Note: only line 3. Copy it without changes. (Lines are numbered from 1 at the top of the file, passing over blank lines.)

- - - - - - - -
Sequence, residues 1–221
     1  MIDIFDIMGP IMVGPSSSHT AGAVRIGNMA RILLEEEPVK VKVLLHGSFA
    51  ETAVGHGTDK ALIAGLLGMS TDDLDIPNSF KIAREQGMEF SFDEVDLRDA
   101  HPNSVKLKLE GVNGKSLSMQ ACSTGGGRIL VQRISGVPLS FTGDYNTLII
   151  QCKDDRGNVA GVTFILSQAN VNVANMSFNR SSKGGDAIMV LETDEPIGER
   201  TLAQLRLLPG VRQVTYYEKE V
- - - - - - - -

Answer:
    51  ETAVGHGTDK ALIAGLLGMS TDDLDIPNSF KIAREQGMEF SFDEVDLRDA